In a sense, that is what a circumstellar disk is.
Source: European Southern Observatory (ESO)
These are usually most noticeable around young stars as protoplanetary disks, disks that form planets. In the picture above, the gaps in the "rings" likely represent forming planets, similar to how the gaps in Saturn's rings indicate the presence of moons.
Our own star has a few "rings", though likely not as visually impressive: the asteroid belt, the Kupier belt, the scattered disk, and the Hills cloud.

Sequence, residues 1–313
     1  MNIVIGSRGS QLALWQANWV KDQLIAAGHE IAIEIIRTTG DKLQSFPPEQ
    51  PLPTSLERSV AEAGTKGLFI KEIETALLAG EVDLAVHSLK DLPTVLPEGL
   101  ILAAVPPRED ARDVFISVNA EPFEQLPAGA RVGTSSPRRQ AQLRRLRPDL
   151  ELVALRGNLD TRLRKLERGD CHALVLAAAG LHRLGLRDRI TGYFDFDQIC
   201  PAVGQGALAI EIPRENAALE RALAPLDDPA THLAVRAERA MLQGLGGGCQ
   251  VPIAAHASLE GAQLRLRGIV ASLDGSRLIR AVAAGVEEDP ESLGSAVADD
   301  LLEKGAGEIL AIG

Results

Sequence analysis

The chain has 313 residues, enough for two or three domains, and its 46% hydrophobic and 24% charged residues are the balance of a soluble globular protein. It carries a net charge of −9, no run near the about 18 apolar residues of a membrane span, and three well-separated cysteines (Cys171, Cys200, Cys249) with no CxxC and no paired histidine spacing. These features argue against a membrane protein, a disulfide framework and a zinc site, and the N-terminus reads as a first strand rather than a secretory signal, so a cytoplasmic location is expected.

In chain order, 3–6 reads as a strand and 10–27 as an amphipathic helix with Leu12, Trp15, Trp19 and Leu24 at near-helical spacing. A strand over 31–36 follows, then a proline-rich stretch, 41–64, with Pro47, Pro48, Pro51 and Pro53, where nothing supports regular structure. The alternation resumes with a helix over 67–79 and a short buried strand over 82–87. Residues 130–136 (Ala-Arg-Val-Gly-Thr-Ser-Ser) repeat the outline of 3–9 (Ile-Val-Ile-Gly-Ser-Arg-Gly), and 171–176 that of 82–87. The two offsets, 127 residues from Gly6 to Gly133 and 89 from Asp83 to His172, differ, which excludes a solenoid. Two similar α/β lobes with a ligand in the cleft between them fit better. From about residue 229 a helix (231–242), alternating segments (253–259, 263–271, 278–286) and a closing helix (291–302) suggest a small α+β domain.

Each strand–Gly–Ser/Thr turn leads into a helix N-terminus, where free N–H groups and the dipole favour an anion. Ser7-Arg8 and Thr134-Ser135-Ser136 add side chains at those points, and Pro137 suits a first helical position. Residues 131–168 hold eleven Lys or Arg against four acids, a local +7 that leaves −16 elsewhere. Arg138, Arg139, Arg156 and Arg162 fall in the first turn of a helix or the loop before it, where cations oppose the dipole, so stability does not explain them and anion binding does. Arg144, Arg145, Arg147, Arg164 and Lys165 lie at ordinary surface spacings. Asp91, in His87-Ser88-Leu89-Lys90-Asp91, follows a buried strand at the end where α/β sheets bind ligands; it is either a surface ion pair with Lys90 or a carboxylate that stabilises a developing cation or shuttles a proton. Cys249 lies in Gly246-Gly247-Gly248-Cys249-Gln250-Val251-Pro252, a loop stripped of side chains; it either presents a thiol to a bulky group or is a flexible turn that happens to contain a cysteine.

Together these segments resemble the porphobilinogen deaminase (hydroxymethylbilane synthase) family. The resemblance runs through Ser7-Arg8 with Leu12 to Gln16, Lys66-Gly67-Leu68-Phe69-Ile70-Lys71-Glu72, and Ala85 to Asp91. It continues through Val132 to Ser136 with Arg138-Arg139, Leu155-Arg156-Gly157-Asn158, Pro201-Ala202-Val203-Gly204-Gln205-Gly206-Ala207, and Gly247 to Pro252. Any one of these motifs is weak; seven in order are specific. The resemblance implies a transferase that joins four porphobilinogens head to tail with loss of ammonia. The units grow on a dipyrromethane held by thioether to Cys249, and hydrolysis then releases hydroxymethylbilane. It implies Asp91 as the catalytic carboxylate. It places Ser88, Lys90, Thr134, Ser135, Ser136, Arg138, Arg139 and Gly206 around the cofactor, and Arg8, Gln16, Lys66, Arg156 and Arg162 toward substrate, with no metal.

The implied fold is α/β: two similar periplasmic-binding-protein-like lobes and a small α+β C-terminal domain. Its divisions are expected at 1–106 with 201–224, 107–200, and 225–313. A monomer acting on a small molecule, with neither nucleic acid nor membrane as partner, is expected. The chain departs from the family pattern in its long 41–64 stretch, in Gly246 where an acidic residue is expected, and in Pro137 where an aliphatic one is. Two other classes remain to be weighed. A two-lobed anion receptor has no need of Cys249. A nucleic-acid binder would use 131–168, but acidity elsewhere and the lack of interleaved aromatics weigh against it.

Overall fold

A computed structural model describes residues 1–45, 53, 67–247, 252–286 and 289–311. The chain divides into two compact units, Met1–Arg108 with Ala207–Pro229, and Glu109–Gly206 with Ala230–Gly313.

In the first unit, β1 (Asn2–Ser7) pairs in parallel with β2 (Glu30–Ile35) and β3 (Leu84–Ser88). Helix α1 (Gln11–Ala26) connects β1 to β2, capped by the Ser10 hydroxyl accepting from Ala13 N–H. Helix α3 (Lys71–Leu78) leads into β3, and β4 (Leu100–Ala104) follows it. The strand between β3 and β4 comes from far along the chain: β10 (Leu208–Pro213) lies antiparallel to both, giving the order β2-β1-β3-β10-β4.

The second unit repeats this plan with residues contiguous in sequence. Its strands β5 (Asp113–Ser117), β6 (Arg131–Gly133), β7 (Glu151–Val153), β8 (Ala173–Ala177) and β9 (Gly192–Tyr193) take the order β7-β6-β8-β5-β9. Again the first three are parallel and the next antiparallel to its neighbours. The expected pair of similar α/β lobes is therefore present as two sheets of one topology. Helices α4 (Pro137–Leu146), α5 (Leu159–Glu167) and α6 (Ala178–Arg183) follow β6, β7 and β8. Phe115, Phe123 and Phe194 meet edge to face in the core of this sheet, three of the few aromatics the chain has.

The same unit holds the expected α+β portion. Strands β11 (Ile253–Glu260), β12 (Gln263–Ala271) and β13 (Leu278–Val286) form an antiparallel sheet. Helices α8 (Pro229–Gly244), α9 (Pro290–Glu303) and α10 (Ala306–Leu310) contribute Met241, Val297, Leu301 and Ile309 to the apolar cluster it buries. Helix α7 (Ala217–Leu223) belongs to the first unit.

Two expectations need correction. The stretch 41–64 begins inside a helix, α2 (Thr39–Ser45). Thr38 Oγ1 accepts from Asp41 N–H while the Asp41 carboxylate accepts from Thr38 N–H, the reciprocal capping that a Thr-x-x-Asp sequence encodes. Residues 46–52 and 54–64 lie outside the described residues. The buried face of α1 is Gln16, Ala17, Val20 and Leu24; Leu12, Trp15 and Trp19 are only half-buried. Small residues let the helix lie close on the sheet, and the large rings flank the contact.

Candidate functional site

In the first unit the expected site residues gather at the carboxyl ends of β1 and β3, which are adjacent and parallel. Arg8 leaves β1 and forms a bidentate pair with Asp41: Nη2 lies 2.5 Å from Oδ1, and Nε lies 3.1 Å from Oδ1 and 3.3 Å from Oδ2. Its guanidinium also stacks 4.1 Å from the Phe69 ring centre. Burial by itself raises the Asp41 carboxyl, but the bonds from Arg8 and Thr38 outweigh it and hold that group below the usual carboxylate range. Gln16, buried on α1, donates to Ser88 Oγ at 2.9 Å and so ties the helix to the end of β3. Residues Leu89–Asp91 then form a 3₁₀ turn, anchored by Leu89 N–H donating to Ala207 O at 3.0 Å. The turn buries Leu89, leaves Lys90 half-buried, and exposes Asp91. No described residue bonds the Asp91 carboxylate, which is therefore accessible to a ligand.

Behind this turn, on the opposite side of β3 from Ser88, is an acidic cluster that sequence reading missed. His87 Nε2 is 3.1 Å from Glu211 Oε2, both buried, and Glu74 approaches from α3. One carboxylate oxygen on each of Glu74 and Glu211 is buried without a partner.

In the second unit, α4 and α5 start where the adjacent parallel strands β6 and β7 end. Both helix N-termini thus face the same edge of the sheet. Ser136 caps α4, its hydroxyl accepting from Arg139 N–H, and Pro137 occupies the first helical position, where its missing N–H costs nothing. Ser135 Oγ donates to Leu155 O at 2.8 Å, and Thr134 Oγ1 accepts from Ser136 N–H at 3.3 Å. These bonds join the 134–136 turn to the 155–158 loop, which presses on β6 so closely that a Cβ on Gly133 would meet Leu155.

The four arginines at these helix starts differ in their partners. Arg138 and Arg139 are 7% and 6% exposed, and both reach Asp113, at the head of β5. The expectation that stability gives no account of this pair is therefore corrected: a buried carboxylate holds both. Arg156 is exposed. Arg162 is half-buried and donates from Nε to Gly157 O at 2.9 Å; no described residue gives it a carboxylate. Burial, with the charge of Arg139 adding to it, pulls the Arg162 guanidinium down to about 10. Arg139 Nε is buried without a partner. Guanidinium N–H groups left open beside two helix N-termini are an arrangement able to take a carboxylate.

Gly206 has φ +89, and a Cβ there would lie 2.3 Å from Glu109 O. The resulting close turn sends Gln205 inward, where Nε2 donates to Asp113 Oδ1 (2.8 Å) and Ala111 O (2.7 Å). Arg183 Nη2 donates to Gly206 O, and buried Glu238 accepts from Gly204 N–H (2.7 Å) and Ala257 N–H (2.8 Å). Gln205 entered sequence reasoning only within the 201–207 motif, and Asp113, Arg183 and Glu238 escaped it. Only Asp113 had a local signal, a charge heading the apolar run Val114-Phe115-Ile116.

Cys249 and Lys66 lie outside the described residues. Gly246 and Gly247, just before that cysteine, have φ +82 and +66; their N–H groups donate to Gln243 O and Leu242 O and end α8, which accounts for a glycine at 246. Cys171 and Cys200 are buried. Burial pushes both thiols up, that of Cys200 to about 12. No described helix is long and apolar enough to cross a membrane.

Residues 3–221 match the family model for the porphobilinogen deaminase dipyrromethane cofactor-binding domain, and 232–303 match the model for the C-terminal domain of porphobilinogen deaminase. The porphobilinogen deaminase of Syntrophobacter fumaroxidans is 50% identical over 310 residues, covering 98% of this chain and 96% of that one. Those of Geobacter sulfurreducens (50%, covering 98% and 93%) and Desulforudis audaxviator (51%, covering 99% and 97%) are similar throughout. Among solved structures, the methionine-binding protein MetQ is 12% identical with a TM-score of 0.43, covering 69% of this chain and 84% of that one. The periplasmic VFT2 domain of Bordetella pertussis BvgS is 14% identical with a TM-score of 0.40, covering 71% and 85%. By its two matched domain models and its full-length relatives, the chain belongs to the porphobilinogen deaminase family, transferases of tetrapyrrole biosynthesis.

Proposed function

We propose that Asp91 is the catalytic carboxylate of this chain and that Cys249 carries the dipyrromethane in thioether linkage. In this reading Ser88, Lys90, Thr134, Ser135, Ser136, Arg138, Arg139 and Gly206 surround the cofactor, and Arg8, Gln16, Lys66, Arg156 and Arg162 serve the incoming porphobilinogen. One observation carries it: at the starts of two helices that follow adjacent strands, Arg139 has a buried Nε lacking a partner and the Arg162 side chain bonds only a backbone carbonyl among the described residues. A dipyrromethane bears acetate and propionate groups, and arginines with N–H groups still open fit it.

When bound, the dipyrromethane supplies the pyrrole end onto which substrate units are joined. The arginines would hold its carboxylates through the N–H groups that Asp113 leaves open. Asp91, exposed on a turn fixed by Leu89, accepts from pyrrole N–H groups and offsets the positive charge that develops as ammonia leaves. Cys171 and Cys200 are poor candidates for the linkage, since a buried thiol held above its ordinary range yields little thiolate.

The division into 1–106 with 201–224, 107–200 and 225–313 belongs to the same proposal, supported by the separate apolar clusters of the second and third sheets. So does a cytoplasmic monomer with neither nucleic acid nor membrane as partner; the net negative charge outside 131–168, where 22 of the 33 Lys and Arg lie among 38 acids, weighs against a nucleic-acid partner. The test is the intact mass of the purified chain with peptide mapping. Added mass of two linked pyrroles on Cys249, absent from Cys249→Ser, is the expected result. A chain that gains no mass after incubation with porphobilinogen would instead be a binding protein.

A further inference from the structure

That said, there are differences between these structures and the ring systems we are familiar with from planets. For example, rings are made of solid particles whereas protoplanetary disks contain a lot of gases. Rings may exist around "mature" planets, whereas protoplanetary disks represent an immature phase of planetary systems. Protoplanetary disks are not visible to the naked eye, whereas ring systems may be. In technical terms, a circumstellar disk is not a ring system.